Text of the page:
Have an open-source project that helps users (Assumes NOOB, tries to go through EVERY step from registering a domain name, assigning an IP, etc…) install Jitsi-Meet with host controls and hardens the server and configuration. It is available for use (I have had 6 testers go through it) and/or pen testing, and/or improvements.
The project is here:
For an AWS cloud use (probably best, if you are afraid of messing with your home network)
This file has been truncated.
# Hosting a Private/Secure Jitsi-Meet Server in the cloud (AWS)
This is step by step instructions of how to host a security hardened instance of Jitsi-Meet in the cloud. It is specific to AWS, but should be modifiable to other cloud providers. Expect to pay a modest amount, less than $15 for testing for two to three participants. To run your own instance for a dozen or so participants will cost an additional about $0.10 an hour. You should expect to spend about an hour each, in two separate sittings to follow these instructions.
## High level overview of the process
### First Sitting
1. Make an AWS account for yourself.
2. Register a domain name for your site. (Note, the domain can take up to three days for the registration to go through, but my experience has been less than 30 minutes for a .net domain. You get an e-mail when the domain is registered.) You have to wait for this to be successful, before proceeding in the process.
### Second Sitting
3. Log onto AWS (if you logged out while waiting for the domain registration).
4. Begin the launch the of an instance (your server in the cloud).
5. Set up the Amazon firewall (*aka* Security Group).
6. Finish launching your instance.
7. Allocate an Elastic IP for your instance.
8. Set the domain name service (DNS) to associate your domain name with this IP.
9. Open a PowerShell (Windows) or Command window (MAC/Linux)
For a standalone on SOHO network (assumes a Ubiquity Edge Router)
This file has been truncated.
# Hosting a Private/Secure Jitsi-Meet Server on your home/small business network.
This is step by step instructions of how to host a security hardened dedicated Jitsi-Meet server at home or small office (SOHO). The number of participants is primarily limited by your bandwidth. With 75 Mbs network bandwidth, you should be able to have 8-12 participants. There is lots of discussion on the Jitsi Community forum about performance, please go there for information and questions about performance.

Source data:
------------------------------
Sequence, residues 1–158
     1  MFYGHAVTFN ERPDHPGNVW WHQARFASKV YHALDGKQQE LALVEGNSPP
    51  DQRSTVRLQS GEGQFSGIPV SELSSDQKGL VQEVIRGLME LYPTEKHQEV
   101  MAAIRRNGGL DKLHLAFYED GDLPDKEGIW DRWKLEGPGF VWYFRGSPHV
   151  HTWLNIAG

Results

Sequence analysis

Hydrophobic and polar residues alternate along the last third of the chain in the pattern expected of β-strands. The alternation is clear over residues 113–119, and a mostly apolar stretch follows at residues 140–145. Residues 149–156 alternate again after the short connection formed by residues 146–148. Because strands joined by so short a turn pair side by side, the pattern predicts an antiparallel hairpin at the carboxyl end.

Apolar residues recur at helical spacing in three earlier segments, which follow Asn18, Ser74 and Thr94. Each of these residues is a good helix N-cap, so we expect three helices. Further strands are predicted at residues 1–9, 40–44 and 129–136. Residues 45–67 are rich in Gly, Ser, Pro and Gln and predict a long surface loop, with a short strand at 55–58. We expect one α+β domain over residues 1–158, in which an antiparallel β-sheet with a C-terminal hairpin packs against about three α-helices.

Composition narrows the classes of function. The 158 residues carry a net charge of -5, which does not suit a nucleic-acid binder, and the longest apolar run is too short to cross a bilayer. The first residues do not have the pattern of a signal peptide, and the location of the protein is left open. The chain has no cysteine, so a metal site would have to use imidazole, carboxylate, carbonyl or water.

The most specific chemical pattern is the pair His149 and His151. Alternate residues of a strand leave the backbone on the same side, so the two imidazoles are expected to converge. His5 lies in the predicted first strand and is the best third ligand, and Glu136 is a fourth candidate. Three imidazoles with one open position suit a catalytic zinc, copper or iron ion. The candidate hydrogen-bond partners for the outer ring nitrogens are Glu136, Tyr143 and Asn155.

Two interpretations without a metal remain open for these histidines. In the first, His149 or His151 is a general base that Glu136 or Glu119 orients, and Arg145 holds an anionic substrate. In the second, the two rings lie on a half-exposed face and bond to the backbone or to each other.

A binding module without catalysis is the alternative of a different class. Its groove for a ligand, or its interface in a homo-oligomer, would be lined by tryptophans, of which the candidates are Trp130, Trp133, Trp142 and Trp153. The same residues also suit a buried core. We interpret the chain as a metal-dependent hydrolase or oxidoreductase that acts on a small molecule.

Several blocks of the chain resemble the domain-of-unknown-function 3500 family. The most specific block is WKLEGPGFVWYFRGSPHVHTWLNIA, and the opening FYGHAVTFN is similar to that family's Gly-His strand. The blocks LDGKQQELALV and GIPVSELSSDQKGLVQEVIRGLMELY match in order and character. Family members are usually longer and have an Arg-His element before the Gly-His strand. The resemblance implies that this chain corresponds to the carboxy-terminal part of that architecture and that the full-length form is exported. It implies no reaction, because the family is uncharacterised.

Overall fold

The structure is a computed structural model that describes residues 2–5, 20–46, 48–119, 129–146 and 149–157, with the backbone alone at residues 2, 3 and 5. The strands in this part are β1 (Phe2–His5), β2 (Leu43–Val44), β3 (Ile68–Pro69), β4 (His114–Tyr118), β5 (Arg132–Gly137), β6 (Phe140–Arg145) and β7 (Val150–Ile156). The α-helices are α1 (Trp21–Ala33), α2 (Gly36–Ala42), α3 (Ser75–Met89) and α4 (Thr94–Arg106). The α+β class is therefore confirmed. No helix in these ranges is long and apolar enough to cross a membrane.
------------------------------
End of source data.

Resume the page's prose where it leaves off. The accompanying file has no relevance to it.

These instructions use the specific example of a Ubiquity Edge x10 router and DNS registrar AWS (Amazon) Route 53. However, the automated Jitsi Meet and server hardening installation is independent of router and DNS registrar.
Most home networks do not have a static IP, however current practice of network providers seems to be to very infrequently change the IP (months), so it is practical to ignore that limitation and just update your domain name when your IP changes.
You will need a computer to act as a server. It does not have to be fancy, but should have:
* Intel or AMD cpu (Jitsi-Meet does not work on ARM)
* Ethernet port.
* Minimum of 8 GB of Memory ()
* Keyboard and mouse.
* USB memory > 16 GB stick to put Ubuntu ISO on (anything else on the stick will be lost).
* Minimum upstream/downstream bandwidth of 75 Mbs.
It does not need a graphics card or wifi (best not to have wifi, but good luck finding a computer without it). I favor Intel NUCs.
One issue with using older hardware, is all of the hardware vulnerabilities that have been discovered (and exploits implemented) in the older CPUs, and you should keep your router and server firmware up to date - for older hardware, firmware updates will likely be unsupported.
If you have trouble, use the Issues on the github project and I will try to help.